Something Lighthearted

Lilli and Giragge

It’s been a rough week here in Boston. We’re safe. Everyone we know is safe. We live far from the finish line, but a mile from Watertown. I don’t have anything profound or original to say about the situation, except that last week’s events have put my ongoing series of pressure cooker recipes on hiatus for the time being.

Instead, I’m going to share a story from this summer that always make us chuckle. It happened in August, during my second trimester.

Scene: Preggers Molly, sitting at the dining room table, on the phone. Rich enters, stage kitchen, and overhears Molly’s conversation

MOLLY: “It clearly said on the container “peanut butter explosion,” and I’m telling you, there was no explosion.”

RICH: “Oh my God! Get off the phone! Right now!”

MOLLY (waving him off): “Shh…”

RICH: “You’re a crazy pregnant lady. Please get off the phone.”

MOLLY: “Honey, the ice cream container specifically said that if I had a problem with their product to call the 800 number. I bought this container of ice cream because it promised me a chocolate-peanut-butter explosion, and there was no explosion. There was not enough peanut butter in this ice cream.”

A few weeks later, a coupon arrived in the mail from the ice cream company for a free product of theirs with up to a $7.99 value.


Still, this incident led me to take stock of the outsized role that the chocolate-peanut-butter flavor combination plays in my life. There were other clues: there was the fact that I didn’t hesitate to eat the squished Reese’s Peanut Butter Cup I found in my spring jacket pocket last week. (It was not delicious; we think it was from Halloween.) Another was, when I was sent a cookbook of “homemade versions of your favorite brand-name treats,” I zeroed in on the homemade Nutter Butters’ recipe, but with an important amendment: I would bake them, and then dip each end in ganache. And that’s just what I did. Chocolate Peanut Butter Explosion accomplished. At this rate, I’m never going to shed the rest of this pregnancy weight, but honestly, after this week, it really doesn’t matter.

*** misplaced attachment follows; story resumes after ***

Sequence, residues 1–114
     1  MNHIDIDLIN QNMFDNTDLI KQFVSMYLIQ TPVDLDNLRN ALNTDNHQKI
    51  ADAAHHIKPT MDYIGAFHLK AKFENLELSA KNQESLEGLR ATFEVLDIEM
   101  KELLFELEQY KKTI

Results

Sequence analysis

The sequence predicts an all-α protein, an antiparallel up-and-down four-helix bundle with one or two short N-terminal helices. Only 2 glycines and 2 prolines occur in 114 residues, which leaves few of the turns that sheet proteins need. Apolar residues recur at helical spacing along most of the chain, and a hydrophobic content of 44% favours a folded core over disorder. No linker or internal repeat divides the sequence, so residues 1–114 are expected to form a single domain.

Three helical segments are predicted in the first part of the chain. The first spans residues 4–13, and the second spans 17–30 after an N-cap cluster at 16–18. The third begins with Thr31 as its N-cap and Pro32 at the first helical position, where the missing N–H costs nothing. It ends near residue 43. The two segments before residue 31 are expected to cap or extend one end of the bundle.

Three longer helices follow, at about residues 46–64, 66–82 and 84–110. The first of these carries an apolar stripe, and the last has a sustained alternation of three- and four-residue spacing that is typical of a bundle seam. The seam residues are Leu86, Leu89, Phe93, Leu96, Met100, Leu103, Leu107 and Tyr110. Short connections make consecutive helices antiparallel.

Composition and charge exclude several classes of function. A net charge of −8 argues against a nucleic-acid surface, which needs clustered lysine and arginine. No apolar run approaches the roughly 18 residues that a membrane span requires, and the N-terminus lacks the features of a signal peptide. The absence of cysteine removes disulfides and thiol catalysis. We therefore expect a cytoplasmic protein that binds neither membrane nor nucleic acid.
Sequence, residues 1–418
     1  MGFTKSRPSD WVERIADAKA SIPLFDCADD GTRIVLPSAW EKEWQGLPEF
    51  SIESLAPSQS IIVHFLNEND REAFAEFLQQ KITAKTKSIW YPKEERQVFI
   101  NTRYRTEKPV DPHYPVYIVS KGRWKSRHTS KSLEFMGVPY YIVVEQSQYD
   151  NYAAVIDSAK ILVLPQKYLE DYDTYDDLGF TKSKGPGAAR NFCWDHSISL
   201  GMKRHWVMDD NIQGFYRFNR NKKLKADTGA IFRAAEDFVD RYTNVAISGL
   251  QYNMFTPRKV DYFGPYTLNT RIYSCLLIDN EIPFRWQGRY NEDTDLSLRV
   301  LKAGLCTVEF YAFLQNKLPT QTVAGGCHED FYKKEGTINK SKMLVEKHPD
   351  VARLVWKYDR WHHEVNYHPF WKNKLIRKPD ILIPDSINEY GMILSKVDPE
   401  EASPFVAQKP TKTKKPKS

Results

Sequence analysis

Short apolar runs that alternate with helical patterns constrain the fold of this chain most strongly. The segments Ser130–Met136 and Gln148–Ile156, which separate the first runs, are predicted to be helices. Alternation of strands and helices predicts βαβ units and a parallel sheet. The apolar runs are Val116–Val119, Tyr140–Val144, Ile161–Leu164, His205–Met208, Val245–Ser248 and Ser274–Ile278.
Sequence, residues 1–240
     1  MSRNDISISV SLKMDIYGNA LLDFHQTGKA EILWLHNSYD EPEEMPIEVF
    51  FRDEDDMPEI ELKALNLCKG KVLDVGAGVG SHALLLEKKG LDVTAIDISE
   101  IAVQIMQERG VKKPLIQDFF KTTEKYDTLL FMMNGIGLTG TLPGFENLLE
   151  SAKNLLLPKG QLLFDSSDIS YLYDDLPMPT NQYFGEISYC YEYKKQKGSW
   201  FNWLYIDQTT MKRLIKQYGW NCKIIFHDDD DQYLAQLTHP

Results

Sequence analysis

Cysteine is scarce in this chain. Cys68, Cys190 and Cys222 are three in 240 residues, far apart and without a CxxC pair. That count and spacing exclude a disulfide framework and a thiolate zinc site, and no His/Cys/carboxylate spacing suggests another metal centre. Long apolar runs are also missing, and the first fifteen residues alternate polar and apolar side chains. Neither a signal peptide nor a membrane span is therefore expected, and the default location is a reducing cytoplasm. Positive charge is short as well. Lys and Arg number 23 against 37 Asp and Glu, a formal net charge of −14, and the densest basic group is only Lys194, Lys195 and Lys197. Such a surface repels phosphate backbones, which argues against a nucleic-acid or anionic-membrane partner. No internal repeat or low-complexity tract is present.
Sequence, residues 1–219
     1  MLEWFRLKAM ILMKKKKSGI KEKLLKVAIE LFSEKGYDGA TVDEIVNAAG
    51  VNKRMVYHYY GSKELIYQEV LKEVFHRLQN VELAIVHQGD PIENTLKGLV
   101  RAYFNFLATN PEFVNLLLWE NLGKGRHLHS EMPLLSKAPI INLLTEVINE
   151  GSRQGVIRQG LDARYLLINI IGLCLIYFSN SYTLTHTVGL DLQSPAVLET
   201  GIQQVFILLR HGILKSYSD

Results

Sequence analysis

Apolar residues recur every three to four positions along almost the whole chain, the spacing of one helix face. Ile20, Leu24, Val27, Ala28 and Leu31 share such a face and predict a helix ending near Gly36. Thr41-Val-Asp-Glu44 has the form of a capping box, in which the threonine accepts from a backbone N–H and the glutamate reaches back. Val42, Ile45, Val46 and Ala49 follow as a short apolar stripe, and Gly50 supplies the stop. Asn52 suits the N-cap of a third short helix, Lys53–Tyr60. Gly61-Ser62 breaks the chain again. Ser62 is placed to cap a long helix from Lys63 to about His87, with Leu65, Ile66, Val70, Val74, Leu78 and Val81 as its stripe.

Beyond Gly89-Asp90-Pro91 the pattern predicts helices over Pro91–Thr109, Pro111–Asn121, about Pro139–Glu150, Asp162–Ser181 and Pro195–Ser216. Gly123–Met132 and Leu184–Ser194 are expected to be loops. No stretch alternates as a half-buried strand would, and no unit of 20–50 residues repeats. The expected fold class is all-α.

Seder Shluff

The cookbook is Classic Snacks Made from Scratch: 70 Homemade Versions of Your Favorite Brand-Name Treats, written by Casey Barber, editor of the online magazine Good.Food.Stories. ( It’s full of really great-sounding recipes for things like Nutter Butters, Mint Milanos, Twinkies, Goldfish Crackers, Funyuns, and Klondike Bars. A lot of its stuff was forbidden fruit growing up, first because my parents were more into actual fruit rather than giving us packaged treats, and, second, because a lot of it isn’t kosher.

peanut butter frosting

I’m happy to report that the Nutter Butters were spot-on, and really not a big deal to make. I made these this afternoon. I was able to feed Lilli, change Lilli, dunk a diaper, put Lilli down for a rest, and also have her hanging out with me in the kitchen, in between steps. They weren’t a big deal to make, really, and I’m saying that with a 12-week-old napping nearby.

Ocean State Job Lot Chocolate

The ganache is just a basic recipe, although I want to make note that the Ghirardelli chocolate I used was purchased at Ocean State Job Lot for $2 a bar. (I bought four. They’re in the freezer.) I rarely (and by rarely, I mean, never) use Crisco, but was pleased to discover that it is sold in bars, like butter, making measurements very simple.

One Note: If you’d like to join me in donating to help the victims and families of the attack, you can do so at The One Fund.